Saturday, October 24, 2020

Libya security crisis spills over to Botswana

Botswana security agencies were on Friday mobilized in a bid to try and contain a potentially volatile security situation as the crisis over the collapse of central authority in Libya spilled over into Botswana. Libyan diplomats in Botswana are divided in line with the political groups controlling different parts of the civil war-torn North African country. The tension at the embassy boiled over on Friday morning resulting in a messy attempt to topple the Libyan Ambassador in Botswana Abdelmatlob Buhawia. By Friday night the Libyan ambassador was reported to be trapped inside the Libyan Embassy while a high level security panel consisting Director of Intelligence and Security Services (DISS) Isaac kgosi, Director of Criminal Investigations Department (CID) Mathews Maduwane Head of Crime Intelligence Bureau (CRIB) David Mosetse and some senior foreign affair officials were locked in a late night meeting with some Libyan envoys to try and diffuse the situation.

A contingent of the Special Support Group (SSG) was mobilized and stationed outside the Foreign Affairs offices, a block away from the Libyan Embassy apparently to be able to react swiftly in case of a security emergency. Unconfirmed reports state that Botswana’s security personnel could not storm the Libyan embassy to rescue the ambassador who was allegedly held hostage by rival envoys because the Libyan embassy enjoys diplomatic immunity. A tense Isaac Kgosi who was in the company of the CID and CRIB leaders chased the media way from the Ministry of Foreign Affairs offices where officials were struggling to come up with a solution. The Ministry exterior lights were off and the air was so tense that Kgosi barred reporters from switching on their cellular phone lights to find their way through the darkness. Sources close to the crisis told Sunday Standard that a section of Libyan envoys in Gaborone mobilized to topple Buhawia saying ‘he doesn’t represent’ the lawful government of the country. After the fall of authoritarian leader Moammar Gaddafi in 2011, Libya has been lacking central authority.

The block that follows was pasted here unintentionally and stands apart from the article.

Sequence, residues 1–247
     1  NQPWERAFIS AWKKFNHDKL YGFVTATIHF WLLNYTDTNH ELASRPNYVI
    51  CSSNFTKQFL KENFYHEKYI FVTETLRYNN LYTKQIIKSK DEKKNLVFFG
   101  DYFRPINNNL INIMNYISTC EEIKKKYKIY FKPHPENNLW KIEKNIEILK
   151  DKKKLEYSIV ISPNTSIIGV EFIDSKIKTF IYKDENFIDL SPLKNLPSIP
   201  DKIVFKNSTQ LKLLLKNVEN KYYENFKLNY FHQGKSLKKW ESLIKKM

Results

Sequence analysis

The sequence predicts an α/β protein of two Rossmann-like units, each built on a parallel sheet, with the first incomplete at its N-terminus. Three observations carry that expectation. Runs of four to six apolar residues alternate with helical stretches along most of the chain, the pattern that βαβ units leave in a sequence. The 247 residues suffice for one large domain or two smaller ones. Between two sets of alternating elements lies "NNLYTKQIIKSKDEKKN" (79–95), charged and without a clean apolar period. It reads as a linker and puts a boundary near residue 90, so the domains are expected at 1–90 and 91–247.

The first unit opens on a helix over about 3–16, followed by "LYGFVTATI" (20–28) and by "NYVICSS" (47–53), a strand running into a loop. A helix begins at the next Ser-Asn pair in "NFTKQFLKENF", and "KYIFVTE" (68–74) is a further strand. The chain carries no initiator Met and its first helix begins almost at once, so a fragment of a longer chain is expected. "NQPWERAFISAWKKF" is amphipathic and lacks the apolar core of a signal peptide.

The country has been split for more than a year between an ‘elected’ parliament in the country’s far-east and an Islamist-led government backed by ‘Islamic groups’ that seized the capital. In 2014, an Islamist-led militia alliance overran Tripoli and forced the internationally recognized administration to flee to the east of the country.

Western intelligence officials believe the subsequent power vacuum has allowed the “Islamic State” (IS) militant group to gain a stronghold in the oil-rich nation.

This is not the first time the Libyan factional wars are fought inside Libyan embassies on foreign soil. In July last year some Libyan diplomats working Dhaka, Bangladesh  declined to accept Muhammed Sallabi, charg├® d’affaires of the Libyan embassy, upon his return from home leave saying ‘he doesn’t represent’ the lawful government of the country.

 

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